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Europa 2017 - Castles - Stamp Booklet

Stamp Booklet
GBP £6.13
Technical details
  • 20.02.2017
  • Bart de Haas, The Hague
About Europa 2017 - Castles

The associated European public postal operators, which have been publishing stamps with a common theme since 1956, introduced a competition some years ago known as the EUROPA Stamp Best Design Competition. This competition is organised under the aegis of PostEurop, a partnership organisation of all European postal administrations and enterprises. Since the 2017 design competition focuses on castles, PostNL decided to issue a Dutch Castles stamp sheetlet on 20th February 2017, with the value 1 International for all mail to destinations outside the Netherlands. The 10-stamp sheetlet contains two stamp varieties and was designed by Hague-based graphic designer Bart de Haas. It features images of two Dutch moated castles, Doornenburg and Ammersoyen.

The Netherlands has been home to an estimated 3,000 castles over the centuries, of which several hundred remain intact today. According to the definition of castle expert Prof. H.L. Janssen, a castle is the “fortified residence of a gentleman, more often than not someone of aristocratic lineage (...) inextricably linked to feudal social structures, as prevalent in Europe during the mediaeval period. As a fortification it represents a private defensive structure, inhabited by a gentleman and his family along with a number of servants and vassals, and it has suitable protections in place against invaders.” The Dutch Castles stamp sheetlet bears images of two of these castles: Doornenburg Castle (at the junction of the River Rhine in the Pannerdensch Canal and the River Waal) and Ammersoyen Castle (near the village of Ammerzoden in Gelderland province, located in the Bommelerwaard district on the banks of the River Meuse). Both these castles are what is known as ‘moated’ castles, being surrounded as they are by a wide canal. Doornenburg Castle also served as the setting for the popular 1960s Dutch TV series Floris, which centred on an exiled knight in sixteenth-century Holland.

The Dutch Castlesstamp sheetlet contains five identical stamps featuring Doornenburg Castle and five identical stamps bearing the image of Ammersoyen Castle. Both stamps combine contemporary colour pictures of the castle with historical illustrations, maps, and coats-of-arms. On the Doornenburg Castle stamp, the colour picture is positioned on the left and the illustration on the right, while for the Ammersoyen Castle stamp the order is reversed. A blue tint has been added to the monochrome prints, which matches the colour of the ‘Priority’ logo on the tabs. The outlines of the area map – which are square for Doornenburg Castle and feature round towers for Ammersoyen – have been superimposed on the image. On both stamps, both the illustration and the map continue onto the stamp right above. The Doornenburg Castle stamp features three transparent coats-of-arms on the left of former residents of this castle: from top to bottom these are the coats-of-arms of the Van Doornick (1313-1385), Van Bylandt (1385-1481) and Van Homoet (1459-1474) families. The Ammersoyen Castle stamp features the coat-of-arms on the right of the Van Arkel-De la Kethullen family. The Van Arkel family resided at Ammersoyen Castle from 1496 to 1694.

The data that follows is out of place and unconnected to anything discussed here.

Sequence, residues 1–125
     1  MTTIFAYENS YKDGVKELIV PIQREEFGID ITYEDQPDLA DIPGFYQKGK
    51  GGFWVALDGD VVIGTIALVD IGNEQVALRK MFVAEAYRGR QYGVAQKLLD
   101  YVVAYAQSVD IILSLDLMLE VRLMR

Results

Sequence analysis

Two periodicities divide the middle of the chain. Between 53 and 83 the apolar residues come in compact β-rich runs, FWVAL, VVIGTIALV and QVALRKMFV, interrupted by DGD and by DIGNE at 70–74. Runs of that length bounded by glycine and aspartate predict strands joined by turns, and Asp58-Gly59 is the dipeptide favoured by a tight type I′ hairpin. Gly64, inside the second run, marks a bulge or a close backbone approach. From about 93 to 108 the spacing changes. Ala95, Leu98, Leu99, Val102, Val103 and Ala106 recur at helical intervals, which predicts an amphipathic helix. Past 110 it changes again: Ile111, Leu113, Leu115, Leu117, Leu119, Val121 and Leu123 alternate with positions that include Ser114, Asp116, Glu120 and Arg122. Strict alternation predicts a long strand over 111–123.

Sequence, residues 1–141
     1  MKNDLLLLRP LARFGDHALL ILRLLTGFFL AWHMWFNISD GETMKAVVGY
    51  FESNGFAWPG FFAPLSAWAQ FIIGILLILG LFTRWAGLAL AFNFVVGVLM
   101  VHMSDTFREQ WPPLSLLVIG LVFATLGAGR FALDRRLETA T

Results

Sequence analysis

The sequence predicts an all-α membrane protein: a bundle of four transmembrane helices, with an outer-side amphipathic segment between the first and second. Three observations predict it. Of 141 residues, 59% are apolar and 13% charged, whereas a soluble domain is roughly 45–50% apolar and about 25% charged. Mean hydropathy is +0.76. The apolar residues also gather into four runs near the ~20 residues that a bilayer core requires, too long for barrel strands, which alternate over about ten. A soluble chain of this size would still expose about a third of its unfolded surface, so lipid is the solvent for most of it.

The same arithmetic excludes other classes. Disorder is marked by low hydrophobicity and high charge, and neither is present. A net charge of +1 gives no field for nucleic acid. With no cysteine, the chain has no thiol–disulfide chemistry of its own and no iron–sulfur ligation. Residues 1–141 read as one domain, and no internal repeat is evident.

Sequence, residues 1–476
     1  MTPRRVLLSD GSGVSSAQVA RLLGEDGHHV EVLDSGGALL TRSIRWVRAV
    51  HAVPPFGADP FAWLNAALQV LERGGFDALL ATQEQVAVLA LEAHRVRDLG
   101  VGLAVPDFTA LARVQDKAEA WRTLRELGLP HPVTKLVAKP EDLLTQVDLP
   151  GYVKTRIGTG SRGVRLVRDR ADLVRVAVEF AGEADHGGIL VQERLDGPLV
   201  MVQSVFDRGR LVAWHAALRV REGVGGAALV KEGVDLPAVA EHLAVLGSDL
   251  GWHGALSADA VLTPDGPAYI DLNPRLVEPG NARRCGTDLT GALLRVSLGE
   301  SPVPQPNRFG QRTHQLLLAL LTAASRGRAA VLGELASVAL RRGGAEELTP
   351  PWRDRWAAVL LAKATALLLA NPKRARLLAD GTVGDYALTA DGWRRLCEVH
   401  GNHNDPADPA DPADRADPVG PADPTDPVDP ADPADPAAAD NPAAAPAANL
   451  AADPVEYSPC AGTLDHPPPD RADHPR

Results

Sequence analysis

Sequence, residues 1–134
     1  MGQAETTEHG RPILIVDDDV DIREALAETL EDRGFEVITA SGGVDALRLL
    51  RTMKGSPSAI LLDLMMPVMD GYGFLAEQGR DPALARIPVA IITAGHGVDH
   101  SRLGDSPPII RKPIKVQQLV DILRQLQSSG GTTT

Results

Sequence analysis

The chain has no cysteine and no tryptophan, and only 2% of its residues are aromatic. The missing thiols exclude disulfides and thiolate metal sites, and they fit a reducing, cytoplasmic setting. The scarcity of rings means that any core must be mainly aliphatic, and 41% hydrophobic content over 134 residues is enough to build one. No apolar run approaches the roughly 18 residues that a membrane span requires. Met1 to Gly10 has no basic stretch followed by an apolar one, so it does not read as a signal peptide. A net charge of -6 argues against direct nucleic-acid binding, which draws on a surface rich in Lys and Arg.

The stamps bear the value denomination International 1, the ‘Netherlands 2017’ caption, and the PostEurop logo. On the tabs on the left and right you will find a brief description of each castle right below the ‘Priority’ logo, while the title of the stamp sheetlet is printed on the edge of the sheet: Nederlandse kastelen (Dutch Castles). The typeface used is DTL Fleischmann (1992), designed by Erhard Kaiser.